It seems the general public thinks that comparing one quote for another is easy….. I’m sure your clients do, right? Yeah, no worries, we will get 3 or 4 quotes from builders and we will immediately know who has the right deal for us….. heard that before?
It has to be one of the biggest misconceptions out there…. and the problem is often not just with homeowners who are receiving quotes, it can also be with builders who are receiving subbie quotes. Let me explain further…
These guys think that all quotes are created equally….. they do not know the difference between the effort gone into one versus another. This is one of the biggest reasons we have issues with disputes further down the track…. Assumptions are made often by both parties because the project documentation (which includes the quote document itself) was never clear. It comes up because a homeowner will pick what they believe to be the lowest bid offer... without comprehending the grey areas that are not clarified or understanding the fine print. You and I know the difference between a detailed tender letter with plenty of tags and clarifications versus a number written on the back of a napkin….. your homeowner has no idea, they just want the job done for the cheapest price. If that price happens to be the napkin job, and very often it is, then its time for me to park up with my deck chair and my G&T and just wait for the proverbial to hit the fan.
A lot of the time builders have really good relationships with their subbies, and this is really important because of the requirement to work together and get things sorted out on site. However, I regularly hear from builders that they ‘didn’t realise’ something was tagged out of their subbie’s quote, and they end up having to make up that shortfall themselves or try to convince the homeowner and subbie to come to the party. Neither situations are pleasant… and both are a surefire way to start hacking into what should be a builders profit.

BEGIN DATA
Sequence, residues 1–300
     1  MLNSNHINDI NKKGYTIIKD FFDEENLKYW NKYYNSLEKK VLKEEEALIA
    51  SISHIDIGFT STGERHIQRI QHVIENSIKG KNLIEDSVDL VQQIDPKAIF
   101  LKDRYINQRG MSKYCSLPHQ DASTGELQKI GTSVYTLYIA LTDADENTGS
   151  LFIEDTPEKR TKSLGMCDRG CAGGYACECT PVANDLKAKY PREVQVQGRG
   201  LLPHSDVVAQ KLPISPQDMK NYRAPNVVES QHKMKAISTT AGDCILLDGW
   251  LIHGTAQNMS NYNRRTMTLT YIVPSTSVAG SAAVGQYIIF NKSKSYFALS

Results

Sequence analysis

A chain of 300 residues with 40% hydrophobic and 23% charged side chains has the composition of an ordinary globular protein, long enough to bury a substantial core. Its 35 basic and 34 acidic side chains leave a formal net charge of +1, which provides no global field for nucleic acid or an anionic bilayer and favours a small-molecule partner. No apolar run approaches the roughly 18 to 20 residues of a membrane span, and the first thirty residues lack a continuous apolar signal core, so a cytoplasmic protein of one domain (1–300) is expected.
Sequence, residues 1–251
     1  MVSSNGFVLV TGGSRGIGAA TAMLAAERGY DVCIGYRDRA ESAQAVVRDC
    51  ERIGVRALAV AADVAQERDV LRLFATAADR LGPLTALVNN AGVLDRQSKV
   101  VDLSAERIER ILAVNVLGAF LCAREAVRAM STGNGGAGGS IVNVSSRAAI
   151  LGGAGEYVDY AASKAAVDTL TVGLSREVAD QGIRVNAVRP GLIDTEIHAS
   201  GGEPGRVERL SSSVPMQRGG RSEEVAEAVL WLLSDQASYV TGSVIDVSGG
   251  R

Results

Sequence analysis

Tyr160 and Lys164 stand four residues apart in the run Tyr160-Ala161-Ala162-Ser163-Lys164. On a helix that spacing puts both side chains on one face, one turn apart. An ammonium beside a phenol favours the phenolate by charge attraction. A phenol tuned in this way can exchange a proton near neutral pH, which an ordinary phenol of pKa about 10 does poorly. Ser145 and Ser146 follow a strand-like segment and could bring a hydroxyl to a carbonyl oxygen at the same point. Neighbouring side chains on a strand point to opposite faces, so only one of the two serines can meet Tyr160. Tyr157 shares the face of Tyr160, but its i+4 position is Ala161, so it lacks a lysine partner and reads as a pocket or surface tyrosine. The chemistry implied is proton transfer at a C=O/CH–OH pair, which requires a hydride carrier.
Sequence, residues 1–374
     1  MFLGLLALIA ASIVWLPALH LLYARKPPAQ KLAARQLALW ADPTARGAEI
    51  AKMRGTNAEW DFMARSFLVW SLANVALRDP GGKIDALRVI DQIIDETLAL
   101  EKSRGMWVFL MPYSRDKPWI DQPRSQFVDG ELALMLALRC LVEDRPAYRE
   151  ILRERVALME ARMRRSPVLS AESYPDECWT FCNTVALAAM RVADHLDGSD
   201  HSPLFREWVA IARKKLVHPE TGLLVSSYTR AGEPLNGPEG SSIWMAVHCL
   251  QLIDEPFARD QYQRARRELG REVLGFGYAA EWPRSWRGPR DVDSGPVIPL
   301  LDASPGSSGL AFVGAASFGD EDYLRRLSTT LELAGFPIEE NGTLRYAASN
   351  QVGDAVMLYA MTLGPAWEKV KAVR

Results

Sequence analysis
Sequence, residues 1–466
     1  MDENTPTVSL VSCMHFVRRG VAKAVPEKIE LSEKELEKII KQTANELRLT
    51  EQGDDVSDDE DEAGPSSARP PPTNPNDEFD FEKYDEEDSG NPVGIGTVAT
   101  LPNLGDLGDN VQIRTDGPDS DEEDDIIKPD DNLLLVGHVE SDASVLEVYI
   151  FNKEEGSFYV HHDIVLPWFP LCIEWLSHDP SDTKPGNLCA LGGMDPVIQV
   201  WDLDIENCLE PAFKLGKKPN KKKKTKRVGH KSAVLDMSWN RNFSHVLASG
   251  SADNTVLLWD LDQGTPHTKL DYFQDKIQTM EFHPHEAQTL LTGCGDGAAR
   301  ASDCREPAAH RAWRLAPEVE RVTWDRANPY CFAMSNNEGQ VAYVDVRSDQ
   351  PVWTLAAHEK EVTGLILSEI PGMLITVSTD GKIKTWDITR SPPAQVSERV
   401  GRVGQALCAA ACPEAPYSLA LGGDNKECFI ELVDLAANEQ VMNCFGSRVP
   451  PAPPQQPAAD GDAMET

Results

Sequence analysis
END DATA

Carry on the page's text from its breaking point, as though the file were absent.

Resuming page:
Luckily, the answer to sorting out both homeowner and builder regarding quote comparison is the same. However it's not something that you just intrinsically know, it's generally something you need to be taught. I was!
How it actually goes down
In very basic terms, the way it needs to be approached is with a desktop exercise. A column for each builder/subbie across the top and each item tagged or clarified down the side. An example might be;
Bob the Builders price was $500k, but he tagged out the deck and the driveway and the curtains.
Joe the Builders price was $550k, but he tagged out the excavation however had included for the curtains.
George the Builders price was $600k, but he had no tags.
You then go through each column and either add or subtract for each item and then re-total at the bottom. If an item has been tagged, then you make an assumption of cost based on the other quotes so that you are comparing apples for apples. Example here, Joe tagged excavation, however, Bob and George included for it and the average price was 50k, add 50k to Joe's price and that item is now fairly compared.
This sounds a bit complex, I understand, it is complex! If you think your homeowner might not know how to do this for an entire building job…. It's no small undertaking, after all, then either help them out or send them to a QS to help them!
And if you need help so you can compare your subbie quotes better, just let us know.